and
Lagash Lagash (cuneiform: LAGAŠKI; Sumerian: ''Lagaš''), or Shirpurla, was an ancient city state A city-state is an independent sovereign Sovereign is a title which can be applied to the highest leader in various categories. The word is borrowe ...

Lagash
province, seized the city of Ur. Ur had been the main center of the Gulf trade; thus this move economically crippled Isin. Additionally, Gungunum's two successors
Abisare Abisare ruled the ancient West Asian city-state of Larsa Larsa (Sumerian logogram In a written language A written language is the representation of a spoken or gestural language A language is a structured system of communication use ...
and
Sumuel Sumuel or Sumu-El (, ''su-mu-el3'') ruled the city-state of from c. 1894 BC to 1866 BC (). He was an . Annals for his complete 29-year reign have survived; thus it is known that he campaigned against and in his year 4, in year 5, Pinaratim ...
(c. 1905 BC and 1894 BC) both sought to cut Isin off from its canals by rerouting them into Larsa. At some point, Nippur was also lost. Isin would never recover. Around 1860 BC, an outsider named Enlil-bani seized the throne of Isin, ending the hereditary dynasty established by Ishbi-Erra over 150 years earlier. Although politically and economically weak, Isin maintained its independence from Larsa for at least another forty years, ultimately succumbing to Larsa's ruler Rim-Sin I. After the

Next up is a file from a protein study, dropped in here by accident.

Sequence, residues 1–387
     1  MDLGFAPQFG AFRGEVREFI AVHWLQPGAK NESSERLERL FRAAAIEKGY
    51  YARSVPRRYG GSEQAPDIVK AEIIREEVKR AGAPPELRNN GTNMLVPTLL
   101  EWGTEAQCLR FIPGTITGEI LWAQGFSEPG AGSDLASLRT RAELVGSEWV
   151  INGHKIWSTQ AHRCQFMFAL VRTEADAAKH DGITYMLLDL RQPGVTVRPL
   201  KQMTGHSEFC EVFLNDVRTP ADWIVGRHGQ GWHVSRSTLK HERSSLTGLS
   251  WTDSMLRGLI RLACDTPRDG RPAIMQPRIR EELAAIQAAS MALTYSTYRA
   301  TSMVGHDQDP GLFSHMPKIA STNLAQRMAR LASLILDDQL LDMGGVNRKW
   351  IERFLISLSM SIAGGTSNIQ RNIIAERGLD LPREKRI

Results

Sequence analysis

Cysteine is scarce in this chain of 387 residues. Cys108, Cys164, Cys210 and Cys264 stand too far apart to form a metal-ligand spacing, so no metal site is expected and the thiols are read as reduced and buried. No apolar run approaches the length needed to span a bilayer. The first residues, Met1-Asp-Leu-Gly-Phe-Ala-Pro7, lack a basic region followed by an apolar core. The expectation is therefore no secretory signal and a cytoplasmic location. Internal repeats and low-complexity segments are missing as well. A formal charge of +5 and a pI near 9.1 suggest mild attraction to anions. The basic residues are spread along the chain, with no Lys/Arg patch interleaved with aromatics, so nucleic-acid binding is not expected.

First Dynasty of Babylon The First Babylonian Empire, or Old Babylonian Empire, is dated to BC – BC, and comes after the end of Sumerian power with the destruction of the Third Dynasty of Ur, and the subsequent Isin-Larsa period. The chronology of the first dynasty o ...
rose to power in the early 2nd millennium and captured Larsa, much significant construction occurred at Isin. This ended with a destruction dated to around the 27th year of the reign of
Samsu-iluna Samsu-iluna (Amorite: ''Shamshu''; c. 1750–1712 BC) was the seventh king of the founding Amorite dynasty of Babylon, ruling from 1750 BC to 1712 BC (middle chronology), or from 1686 to 1648 BC (short chronology). He was the son and successor of H ...
, son of
Hammurabi Hammurabi () was the sixth king of the First Babylonian dynasty The First Babylonian Empire, or Old Babylonian Empire, is dated to BC – BC, and comes after the end of Sumerian power with the destruction of the Third Dynasty of Ur The ...

Hammurabi
, based on tablets found there. Later, the
Kassites The Kassites () were people of the ancient Near East The ancient Near East was the home of early civilization A civilization (or civilisation) is any complex society that is characterized by urban development, social stratificati ...
who took over in Babylon after its sack in 1531 BC, resumed building at Isin. The final significant stage of activity occurred during the Second Dynasty of Isin at the end of the 2nd millennium, most notably by king